Low growth in 2020/2021, although there are still areas with strong potential for development. After several years of uninterrupted growth, global consumption of rosé wine subsided in 2020 and retreated in 2021. Countries such as France, the United States, and Italy show a particularly notable trend reversal in this regard. Nonetheless, avenues for growth still exist (particularly in Belgium, Central and Eastern Europe, Scandinavia and Asia-Oceania), and some markets even witnessed an upturn between 2019 and 2021 (Germany, UK and Netherlands).Generally speaking, rosés serve as a “crisis absorber” in the category of still wines.
In parallel, global rosé production continues to rise. This development raises some questions in a context of shrinking consumption levels. Production remains concentrated in three countries (France, Spain and the US account for 66% of worldwide production). Several countries have seen an upswing in rosé production, in the Southern Hemisphere (Chile and New Zealand) and Eastern Europe (Hungary, Romania and Bulgaria).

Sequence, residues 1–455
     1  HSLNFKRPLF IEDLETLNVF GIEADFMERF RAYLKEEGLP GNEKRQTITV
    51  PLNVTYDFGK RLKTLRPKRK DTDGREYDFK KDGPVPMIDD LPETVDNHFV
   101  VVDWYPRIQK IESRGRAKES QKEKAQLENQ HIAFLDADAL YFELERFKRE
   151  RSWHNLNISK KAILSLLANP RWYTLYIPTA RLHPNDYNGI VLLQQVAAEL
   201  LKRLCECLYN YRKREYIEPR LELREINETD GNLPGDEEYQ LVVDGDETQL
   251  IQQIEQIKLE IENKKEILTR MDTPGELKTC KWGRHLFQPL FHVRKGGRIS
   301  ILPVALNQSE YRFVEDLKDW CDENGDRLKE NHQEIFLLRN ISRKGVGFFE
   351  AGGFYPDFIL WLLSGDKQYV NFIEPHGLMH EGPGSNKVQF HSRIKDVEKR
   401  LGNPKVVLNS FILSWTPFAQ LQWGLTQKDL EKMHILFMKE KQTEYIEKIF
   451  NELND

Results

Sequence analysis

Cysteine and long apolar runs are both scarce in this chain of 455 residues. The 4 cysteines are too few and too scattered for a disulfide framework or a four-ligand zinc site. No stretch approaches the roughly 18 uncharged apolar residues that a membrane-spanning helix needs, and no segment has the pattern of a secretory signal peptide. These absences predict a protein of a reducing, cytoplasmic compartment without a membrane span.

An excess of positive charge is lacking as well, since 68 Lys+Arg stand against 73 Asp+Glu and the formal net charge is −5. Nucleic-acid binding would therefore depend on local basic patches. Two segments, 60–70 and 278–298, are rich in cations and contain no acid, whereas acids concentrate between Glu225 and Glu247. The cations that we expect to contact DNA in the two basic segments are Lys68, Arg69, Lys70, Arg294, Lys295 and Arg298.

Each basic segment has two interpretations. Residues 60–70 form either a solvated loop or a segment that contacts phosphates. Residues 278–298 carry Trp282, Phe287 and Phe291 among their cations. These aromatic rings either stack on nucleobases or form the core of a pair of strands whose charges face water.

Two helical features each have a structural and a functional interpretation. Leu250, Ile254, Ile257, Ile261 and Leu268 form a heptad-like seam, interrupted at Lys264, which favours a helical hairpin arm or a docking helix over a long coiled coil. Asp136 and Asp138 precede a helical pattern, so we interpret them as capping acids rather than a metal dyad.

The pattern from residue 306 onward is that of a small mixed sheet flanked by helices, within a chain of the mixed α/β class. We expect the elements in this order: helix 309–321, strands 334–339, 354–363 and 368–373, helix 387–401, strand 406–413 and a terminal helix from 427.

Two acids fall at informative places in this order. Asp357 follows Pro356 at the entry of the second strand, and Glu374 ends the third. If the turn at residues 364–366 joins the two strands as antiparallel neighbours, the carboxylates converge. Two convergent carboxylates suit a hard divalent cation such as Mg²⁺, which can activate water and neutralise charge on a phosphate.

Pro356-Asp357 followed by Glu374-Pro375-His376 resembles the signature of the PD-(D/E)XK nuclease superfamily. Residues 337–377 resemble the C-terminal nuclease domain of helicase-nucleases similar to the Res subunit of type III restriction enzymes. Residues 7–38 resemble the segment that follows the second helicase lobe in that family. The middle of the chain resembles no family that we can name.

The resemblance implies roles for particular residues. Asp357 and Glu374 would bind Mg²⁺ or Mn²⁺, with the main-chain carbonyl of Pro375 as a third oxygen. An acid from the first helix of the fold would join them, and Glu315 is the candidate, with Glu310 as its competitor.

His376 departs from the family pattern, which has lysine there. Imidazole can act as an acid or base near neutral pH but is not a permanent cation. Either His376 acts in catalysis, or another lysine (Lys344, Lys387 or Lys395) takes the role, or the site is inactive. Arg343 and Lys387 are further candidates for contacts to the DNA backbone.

France has further solidified its global positioning in the world of rosé. It is the no. 1 producer, no. 1 consumer, no. 1 exporter in value (no. 2 behind Spain in volume) and no. 1 importer in volume (particularly entry-level Spanish wines).
International trade in rosé continues to progress. About half of all rosés cross at least one national border before being consumed. Spain remains the top exporter in volume, and France the top exporter in value.
The US market is shifting towards “dry”, higher value rosés and away from its traditional blush/white zin. After a significant increase between 2015 and 2019, imports of rosé plummeted in 2020 and 2021. In the category of imported rosé wines, France is the leader in volume and has traditionally been positioned as a “trend-setter”.
*Rosés that have historically been made in California. These wines tend to be richer in colour and higher in sugar than European rosés.
Sources : IWSR Wine Intelligence
Nans BROCHART, FranceAgriMer
Wine Economic studies officer
Brice AMATO, Conseil Interprofessionnel des Vins de Provence
Head of Economic Department